Saturday, 25 February 2012


If there is one thing that's doing my head in at least once a day, mostly significantly more than that, it's trying to get pre-schooler leave xyz (insert house, nursery, shop, car etc).

It's getting ridiculous and it doesn't help that toddler is ever so keen on leaving and whinging to get us out of the door. To her, what lies ahead is fun, to the older child, she does not want to stop having fun where she is right now.

We've gone from refusal, hiding and running away to open aggression. It's a constant grind, because nothing stresses me out more than trying to get us out of the house in the morning and make that nursery drop off trip that has no minute to spare for me to get a full working day wedged into the childcare hours available.

So I've been looking for ideas and possible solutions. My facebook friends were kind enough to suggest things that work for them, or if not that, share their own failure to tackle this old enemy that often goes under the name of transition. Because it is about transition - 4 year old is as reluctant to leave for nursery as she is to leave nursery for home. It's the change that's the issue, not the destination.

Starting earlier was a common thread. I won't dismiss it, but I know that even if I start earlier, when it comes to getting through the door, it's the same difficult situation. We still struggle to get dressed, to put shoes and jacket on.

Being organised and ready to go - well, that does help but there's a limit to it as I don't like to prepare the packed lunch the night before and my kids waken as soon as I stir so I can't get dressed before they get up. I am reasonably organised and we don't stall much, so this is not really the issue in our case.

What I can see if I step back is that our little problem has become filled with a struggle for control and power. The aggression is probably due to a vicious circle where my own annoyance creates tension, and that tension exasperates the problem, leading to aggression as the only way for Cubling to object. I know the theory of remaining positive, and yes I do follow the advice of getting attention first, being on same level as child, having clear instructions and being firm. It's not working. And when she runs off to evade the "shoes on, jacket on, let's go", she is now faster than I am with toddler on my arm. I have been seen to wrestle her down to put shoes and jacket on because I was just sick and tired of the same old game at every transition moment of the day.

Enters the suggestion of singing a song. I instantly liked this though haven't tried it out yet for want of knowing a suitable song. Apparently, there even is something called a "transition" song. I like the blog post on how this works. The nice thing is that it does create a positive, feel good situation which is likely to break that vicious circle of negativity that we have ground ourselves. I'm keen to give it a go, though it may be tricky as she also generally objects to me singing (I don't blame her), but it's definitely worth a go.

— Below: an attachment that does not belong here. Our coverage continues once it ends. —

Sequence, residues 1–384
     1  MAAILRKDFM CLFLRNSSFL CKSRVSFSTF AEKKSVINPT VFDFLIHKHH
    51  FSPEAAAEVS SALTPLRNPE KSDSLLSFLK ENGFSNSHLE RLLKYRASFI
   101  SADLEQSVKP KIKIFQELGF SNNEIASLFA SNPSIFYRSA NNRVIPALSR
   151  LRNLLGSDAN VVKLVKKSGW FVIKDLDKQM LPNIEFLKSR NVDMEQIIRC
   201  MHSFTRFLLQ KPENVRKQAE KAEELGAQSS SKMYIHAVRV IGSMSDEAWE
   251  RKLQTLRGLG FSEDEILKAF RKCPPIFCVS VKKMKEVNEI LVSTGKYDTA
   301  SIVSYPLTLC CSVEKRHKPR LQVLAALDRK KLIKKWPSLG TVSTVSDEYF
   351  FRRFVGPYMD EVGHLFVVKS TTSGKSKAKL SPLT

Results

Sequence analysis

What are your tricks of the trade to get out of the house/nursery/play park without tears and negativity?


aendr said...

Instead of "put your shoes on", "which shoe shall we put on first?"

Is there competition between the two? "Who can find their shoes first?"

Pretend to dress wrongly (shoes on hands) so you get corrected.

Put all the components of the lunch together in the boxes in the fridge apart from the bits you don't like to do in advance.

Have all the things you need to get them ready together and prepared and unhideable.

Take it in turns to get dressed - all PJ tops off, nappies and knickers, vests and bra, socks and tights... you get the picture. If you are willing, they can choose for you (I sometimes restrict that to undergarments.)

Make up rhymes if they dislike your singing.

Toreador them into their coats.

Change the persuading activities so they are new and fun.

Try a star chart, I can't remember if she likes dolls, but if she does, try getting the reward in advance - doll and all the getting ready clothes and items (as many as possible). Gain one for each day it meets your criteria - doll is out of reach but in sight except for the ritual adding of the item in the evening until doll is fully ready to go out. Your smaller one may well need a similar item to work on something.

Caroline Rose said...

The song sounds like a great idea, or just something to make it fun! It sounds like she's trying to make it a game at the moment, so maybe make it into a game, but just of your choosing! Or maybe a sticker chart (ah yes just seen someone else has suggested that), with a star for every day she gets ready and leaves the house like a good girl, you could even time her and see if she can beat her personal best!

Short of that....bribery?!

Maggie said...

I have exactly this problem, I usually make up consequences, "if you don't go to bed now there's no time for a story", if you don't brush your teeth there's no time before breakfast before nursery." Doesn't always work, and she's starting to get smart to it

cartside said...

Thanks for these amazing tips! We've tried some of them but plenty more in there to try out, and it sounds like fun even!

Carole said...

Good blog. You might enjoy this little poem about mothers.



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